I used to be the type of woman who would ask a guy out if he hadn’t made a move and I was tired of waiting around. It might have seemed independent and made me feel I was taking control of my romantic destiny, but it came with a price that I’m no longer willing to pay. Here’s why I’ve stopped making the first move:
- I never knew if the guy really liked me. At the back of my mind, there was always the worry that the guy I’d just made a move on wasn’t really that into me. After all, wouldn’t he have made the first move if he was?
- I killed the chase. Although I used to roll my eyes when women would say that they’d always wait for the guy to make the first move, I learned that there’s definitely a benefit to it. Guys like the chase, period. By making the first move, I’d shown them I liked them too quickly and totally screwed up their love of the challenge.
- I felt it was up to me to move things forward. One of the problems with making the first move was that I always felt I was the one leading the guy through the choppy dating waters. This also had the effect of making some guys become lazy. Why should they do anything or keep the momentum going if I had already shown them that I was a relationship work horse?
- An ego stroke does not a relationship make. There was a guy I was really into and I’d called him up and told him that I’d like to go on a date with him. He agreed and was so flattered by my interest in him. Until date three, when he gave me the “I’m not looking for anything serious” spiel. Turns out he was charmed by the fact that someone liked him but didn’t actually want to date me. Ouch.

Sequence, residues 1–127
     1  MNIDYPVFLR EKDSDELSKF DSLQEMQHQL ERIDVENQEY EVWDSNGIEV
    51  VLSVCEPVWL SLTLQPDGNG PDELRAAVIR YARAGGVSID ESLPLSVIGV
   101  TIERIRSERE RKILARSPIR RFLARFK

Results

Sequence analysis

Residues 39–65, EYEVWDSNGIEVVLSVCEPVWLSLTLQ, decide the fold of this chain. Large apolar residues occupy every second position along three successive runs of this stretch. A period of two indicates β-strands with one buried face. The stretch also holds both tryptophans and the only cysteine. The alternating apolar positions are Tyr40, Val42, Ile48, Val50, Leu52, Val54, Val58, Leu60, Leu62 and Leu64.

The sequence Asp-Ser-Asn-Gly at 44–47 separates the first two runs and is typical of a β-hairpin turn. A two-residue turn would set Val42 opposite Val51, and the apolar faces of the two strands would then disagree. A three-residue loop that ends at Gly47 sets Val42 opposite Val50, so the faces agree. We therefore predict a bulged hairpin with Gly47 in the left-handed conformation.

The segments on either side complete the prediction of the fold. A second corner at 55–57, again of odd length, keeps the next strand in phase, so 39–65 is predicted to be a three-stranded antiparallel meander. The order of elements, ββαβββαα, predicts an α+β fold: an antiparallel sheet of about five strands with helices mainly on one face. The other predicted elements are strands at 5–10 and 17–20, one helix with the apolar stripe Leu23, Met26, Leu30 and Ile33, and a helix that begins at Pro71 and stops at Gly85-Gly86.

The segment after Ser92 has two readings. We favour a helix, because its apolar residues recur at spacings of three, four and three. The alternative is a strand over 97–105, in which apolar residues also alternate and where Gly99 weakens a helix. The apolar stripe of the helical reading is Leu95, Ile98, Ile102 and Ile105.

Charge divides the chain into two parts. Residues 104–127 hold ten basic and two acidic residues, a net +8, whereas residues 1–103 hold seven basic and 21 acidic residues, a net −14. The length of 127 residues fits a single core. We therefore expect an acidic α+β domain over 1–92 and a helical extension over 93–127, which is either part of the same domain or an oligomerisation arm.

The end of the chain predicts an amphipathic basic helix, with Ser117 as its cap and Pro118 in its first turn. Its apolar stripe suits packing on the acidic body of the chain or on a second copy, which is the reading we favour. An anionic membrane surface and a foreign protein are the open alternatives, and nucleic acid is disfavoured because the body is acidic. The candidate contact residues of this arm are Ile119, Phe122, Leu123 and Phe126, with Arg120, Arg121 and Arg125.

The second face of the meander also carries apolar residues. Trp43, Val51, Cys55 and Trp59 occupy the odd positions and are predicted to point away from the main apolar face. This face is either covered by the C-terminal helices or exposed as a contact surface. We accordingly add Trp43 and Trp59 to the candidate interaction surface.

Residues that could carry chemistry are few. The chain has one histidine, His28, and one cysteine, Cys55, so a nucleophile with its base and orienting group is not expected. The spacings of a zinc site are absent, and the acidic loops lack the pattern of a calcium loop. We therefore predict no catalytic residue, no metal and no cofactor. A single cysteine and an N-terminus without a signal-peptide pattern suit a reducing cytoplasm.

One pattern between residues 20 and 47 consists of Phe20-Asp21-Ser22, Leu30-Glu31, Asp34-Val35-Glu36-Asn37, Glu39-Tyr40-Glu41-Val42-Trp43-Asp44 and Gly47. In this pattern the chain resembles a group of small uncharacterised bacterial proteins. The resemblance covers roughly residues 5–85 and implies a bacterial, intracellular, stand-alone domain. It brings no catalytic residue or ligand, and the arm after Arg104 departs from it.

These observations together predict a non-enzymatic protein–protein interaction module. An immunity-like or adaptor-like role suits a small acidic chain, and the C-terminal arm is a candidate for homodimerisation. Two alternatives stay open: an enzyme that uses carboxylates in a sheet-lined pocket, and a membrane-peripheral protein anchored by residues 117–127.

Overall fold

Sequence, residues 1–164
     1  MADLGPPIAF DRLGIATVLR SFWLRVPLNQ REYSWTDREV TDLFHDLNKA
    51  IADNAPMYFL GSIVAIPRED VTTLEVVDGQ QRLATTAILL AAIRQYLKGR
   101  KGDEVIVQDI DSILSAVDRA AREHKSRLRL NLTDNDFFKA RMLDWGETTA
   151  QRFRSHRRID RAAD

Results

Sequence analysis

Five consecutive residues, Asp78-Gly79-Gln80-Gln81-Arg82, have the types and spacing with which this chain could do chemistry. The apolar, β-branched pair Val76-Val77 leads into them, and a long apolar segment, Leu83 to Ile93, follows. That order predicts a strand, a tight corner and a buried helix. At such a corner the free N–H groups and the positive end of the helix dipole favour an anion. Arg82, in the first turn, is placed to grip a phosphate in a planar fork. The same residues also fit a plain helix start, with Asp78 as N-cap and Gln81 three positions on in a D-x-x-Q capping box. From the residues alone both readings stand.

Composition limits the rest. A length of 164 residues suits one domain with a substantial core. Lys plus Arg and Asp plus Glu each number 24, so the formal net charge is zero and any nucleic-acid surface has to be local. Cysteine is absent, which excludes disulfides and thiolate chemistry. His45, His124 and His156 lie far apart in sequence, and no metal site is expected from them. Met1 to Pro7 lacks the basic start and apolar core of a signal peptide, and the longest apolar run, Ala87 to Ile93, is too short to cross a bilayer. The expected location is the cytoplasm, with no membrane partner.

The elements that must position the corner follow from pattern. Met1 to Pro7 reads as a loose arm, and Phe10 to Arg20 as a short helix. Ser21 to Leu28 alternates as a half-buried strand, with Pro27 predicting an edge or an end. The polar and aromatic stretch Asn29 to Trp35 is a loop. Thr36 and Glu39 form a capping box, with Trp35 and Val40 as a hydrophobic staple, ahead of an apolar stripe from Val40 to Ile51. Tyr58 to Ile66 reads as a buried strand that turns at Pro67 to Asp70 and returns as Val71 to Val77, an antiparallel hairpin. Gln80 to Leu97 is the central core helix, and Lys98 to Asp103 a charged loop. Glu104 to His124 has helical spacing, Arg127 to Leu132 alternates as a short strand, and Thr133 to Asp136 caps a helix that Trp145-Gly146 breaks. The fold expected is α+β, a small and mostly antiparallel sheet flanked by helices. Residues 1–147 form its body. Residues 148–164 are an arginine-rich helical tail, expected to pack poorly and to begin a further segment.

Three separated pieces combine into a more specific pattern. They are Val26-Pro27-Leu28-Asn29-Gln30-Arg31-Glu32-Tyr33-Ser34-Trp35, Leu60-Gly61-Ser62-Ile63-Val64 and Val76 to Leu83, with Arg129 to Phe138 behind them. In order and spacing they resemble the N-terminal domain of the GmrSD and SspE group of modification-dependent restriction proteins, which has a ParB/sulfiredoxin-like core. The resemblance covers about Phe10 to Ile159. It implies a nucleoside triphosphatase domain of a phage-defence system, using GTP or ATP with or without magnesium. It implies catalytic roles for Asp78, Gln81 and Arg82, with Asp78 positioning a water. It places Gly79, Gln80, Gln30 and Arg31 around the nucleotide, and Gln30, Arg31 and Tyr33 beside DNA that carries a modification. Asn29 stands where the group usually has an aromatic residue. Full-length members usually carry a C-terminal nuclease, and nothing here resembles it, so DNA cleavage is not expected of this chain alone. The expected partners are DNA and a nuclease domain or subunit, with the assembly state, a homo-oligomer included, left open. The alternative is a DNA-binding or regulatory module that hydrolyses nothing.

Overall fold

- The guys had a ‘get out of romance free’ card. When I’d ask a guy out, I’d do so with the intent of actually dating him. But a lot of guys figured they could try their luck and get a fling or one-night-stand out of the situation. It’s such a letdown, honestly. Would have been better if they just said they weren’t interested in anything real.
- I felt desperate, even though I wasn’t. When I’d ask for a guy’s number, I’d try to do so in a flirtatious and gentle way so that I wouldn’t come across as aggressive. But I still felt like the guy was looking at me thinking I was desperate or that I was pushy. It’s a stigma that doesn’t seem to want to die and I got tired of dealing with it.
- I messed with the guy’s plan. By jumping in and making the first move, I stopped the guy’s plan from playing out. I would never know what he would have done if I hadn’t made the first move: would he have flirted with me some more or officially asked me out? Was he just physically attracted to me or did he want something real? If he wanted something real, he would have followed through with things sooner or later. But I would never know what his initial plan was and I could never be pleasantly surprised by it. Yup, I’d ruined the anticipation with my big mouth.
- It revealed a nasty truth about a male friend. When telling a guy I liked him, I was in a vulnerable position no matter how much I tried to guard my heart or play it cool. When the guy was a male friend, the situation intensified. Once, I asked one of my best guy mates out on New Year’s Eve and things were never the same between us again. It wasn’t just that things became awkward, but that the whole situation showed me who he was — and he was not a nice guy because he started putting my friendship on ice. I not only lost the chance to date him, but I lost who I thought was my best friend.